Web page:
Monday, November 22, 2010

Farewell to Multitasking

I can multitask and I am not sure if I should be proud of it.

One of the main reasons why I am not fond of iPhone or iPad is the lack of ability to multitask (iPhone4 attempted to but in a rather halfhearted way). I can almost hear all the Apple fans laughing and telling me, "You don't know what you are missing" and I feel I need to put the record straight: I have nothing against Apple. I just like to multitask.

To some, multitasking may sound like a great skill. Not quite, actually.

I multitask because there are so many demands surrounding me. As I toggle between many tasks, I derive a (false) sense of achievement as if I have accomplished much. The truth is, I end up completing many tasks below the quality level I desire.

Multitasking is also one of the main killers of productivity. Instead of completing many tasks, uncompleted ones are left dangling everywhere. Besides, many believe that it bumps up stress level.

I have many completed jobs credited to my name but I derived little satisfaction. I want to be honest, at least to myself that, many of these jobs could have been done better.

I have found several ways to stop multitasking and I am still learning to do it well. If you share the same sentiments, learn along with me:

1. Keep out of sight

I used to organize my tasks in such a manner so that I could do many of them at the same time. Now, I put those to be done later out of my view. This helps me to focus on the task on hand.

2. Write it down

I write down the 'now' task and place it prominently on my desk. It serves as a reminder of what I am supposed to do and bring my strayed mind back.

3. Park new thoughts

My mind wonders a lot and I think of a wide range of matters while working on one. There are many ways to settle it down and one of them is to write down any new ideas that come along. In this way, I will not lose these new ideas. Most importantly, my 'now' task is not disrupted.

4. Use a timer

I allocate time for a task based on my concentration span. Each time I have an urge to switch task, I just look at the lapsed time. In this way, I will not feel the 'sense of eternity' especially when I am working on not so exciting tasks.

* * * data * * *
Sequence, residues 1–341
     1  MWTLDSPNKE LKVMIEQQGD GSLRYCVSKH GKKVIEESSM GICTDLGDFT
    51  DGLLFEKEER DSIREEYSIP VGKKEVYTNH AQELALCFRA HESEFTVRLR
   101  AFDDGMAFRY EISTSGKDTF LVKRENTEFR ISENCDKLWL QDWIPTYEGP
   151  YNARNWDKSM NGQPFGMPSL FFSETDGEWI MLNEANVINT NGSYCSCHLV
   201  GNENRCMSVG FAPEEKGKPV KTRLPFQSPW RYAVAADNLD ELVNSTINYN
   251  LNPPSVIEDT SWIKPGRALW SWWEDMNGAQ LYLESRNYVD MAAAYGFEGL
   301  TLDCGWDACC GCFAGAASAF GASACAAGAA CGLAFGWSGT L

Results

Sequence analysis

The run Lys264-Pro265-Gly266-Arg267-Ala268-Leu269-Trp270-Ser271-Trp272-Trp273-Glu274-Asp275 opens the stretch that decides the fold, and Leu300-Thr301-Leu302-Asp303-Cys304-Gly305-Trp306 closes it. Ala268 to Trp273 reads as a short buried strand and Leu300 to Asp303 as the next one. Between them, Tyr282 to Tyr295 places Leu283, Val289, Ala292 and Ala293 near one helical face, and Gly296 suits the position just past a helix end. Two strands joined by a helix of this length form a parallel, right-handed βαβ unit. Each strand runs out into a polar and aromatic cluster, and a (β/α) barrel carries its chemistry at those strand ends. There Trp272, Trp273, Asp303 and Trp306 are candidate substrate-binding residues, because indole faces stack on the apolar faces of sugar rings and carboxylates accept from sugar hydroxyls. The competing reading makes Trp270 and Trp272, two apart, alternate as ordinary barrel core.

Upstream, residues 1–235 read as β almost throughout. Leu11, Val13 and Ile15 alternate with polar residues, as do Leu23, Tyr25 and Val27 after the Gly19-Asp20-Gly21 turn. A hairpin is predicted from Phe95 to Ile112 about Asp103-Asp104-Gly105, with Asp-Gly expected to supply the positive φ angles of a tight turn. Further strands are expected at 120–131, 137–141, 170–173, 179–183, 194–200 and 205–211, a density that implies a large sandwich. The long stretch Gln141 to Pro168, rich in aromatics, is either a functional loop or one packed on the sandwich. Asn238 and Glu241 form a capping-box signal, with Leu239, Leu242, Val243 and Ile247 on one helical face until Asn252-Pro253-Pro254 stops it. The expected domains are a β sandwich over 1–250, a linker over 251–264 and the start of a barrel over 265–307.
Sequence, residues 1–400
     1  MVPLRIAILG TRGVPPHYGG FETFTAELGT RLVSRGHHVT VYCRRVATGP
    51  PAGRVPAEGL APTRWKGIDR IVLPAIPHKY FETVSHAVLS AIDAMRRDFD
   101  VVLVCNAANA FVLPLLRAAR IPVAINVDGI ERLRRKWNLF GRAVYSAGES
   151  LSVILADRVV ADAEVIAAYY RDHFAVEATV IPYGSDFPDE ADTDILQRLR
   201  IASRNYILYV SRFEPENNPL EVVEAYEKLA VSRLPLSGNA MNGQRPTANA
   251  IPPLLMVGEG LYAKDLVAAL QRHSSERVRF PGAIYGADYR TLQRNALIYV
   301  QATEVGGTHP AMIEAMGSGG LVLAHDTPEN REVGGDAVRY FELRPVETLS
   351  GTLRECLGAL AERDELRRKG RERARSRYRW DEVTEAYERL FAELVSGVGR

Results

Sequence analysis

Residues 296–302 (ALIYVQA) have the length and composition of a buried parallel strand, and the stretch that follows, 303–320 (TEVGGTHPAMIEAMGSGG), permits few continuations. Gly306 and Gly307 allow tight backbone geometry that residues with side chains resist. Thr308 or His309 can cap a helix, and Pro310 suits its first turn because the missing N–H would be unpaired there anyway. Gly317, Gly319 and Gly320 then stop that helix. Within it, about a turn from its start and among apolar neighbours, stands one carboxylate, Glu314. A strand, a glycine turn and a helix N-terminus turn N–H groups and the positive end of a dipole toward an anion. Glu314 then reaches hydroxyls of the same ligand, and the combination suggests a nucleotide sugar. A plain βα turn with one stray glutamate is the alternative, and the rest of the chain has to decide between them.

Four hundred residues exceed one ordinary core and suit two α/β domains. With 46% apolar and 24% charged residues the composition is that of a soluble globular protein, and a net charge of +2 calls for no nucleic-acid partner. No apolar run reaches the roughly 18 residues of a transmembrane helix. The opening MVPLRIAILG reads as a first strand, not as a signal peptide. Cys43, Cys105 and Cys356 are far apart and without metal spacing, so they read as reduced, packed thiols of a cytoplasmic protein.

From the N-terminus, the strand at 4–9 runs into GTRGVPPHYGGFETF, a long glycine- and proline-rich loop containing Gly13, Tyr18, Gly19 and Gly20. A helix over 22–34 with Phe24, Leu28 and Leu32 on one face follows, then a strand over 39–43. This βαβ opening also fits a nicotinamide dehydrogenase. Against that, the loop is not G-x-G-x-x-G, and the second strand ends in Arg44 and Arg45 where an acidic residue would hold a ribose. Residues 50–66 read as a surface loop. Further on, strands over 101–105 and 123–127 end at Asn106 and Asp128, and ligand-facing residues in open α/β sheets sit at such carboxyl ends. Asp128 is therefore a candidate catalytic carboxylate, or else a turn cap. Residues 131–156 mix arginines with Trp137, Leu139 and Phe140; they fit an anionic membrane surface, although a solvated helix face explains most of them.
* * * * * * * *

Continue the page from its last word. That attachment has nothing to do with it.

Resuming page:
5. Alternate tasks

With this, I mean toggling between tasks that requires different amount of effort. By putting smaller tasks between taxing ones, it helps me to 'rejuvenate'.

6. Draw boundary

Naturally, everyone wants to work with me based on their priority, not mine. I would have to give them time but without cutting off my 'now' task. By drawing up my boundary, I divide the 'now' and 'later' space. Most people are reasonable and by saying 'I will come back to you 10 minutes later' usually will not hurt anyone.

7. Think end point

A job can be boring and the urge to switch to something else can be strong. I remind myself of the satisfaction at the end of the task and I push on.

Having said all the above, I do have a confession to make.

As I am writing this article, I occasionally turn to the TV, toggle to a different window, play a game or two and check some emails. In short, I did not do everything I said I should be.

I am not about to slam myself for failing to be perfect. Learning is a process. The whole idea is about doing it again and again and watch our conscious effort gradually turn into a habit. No one can flip himself over and become someone new overnight.

I hope you have been reading this article without switching to something else intermittently.

"Being busy does not always mean real work." ~ Thomas Edison ~

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1 comment:

Life Quotes said...

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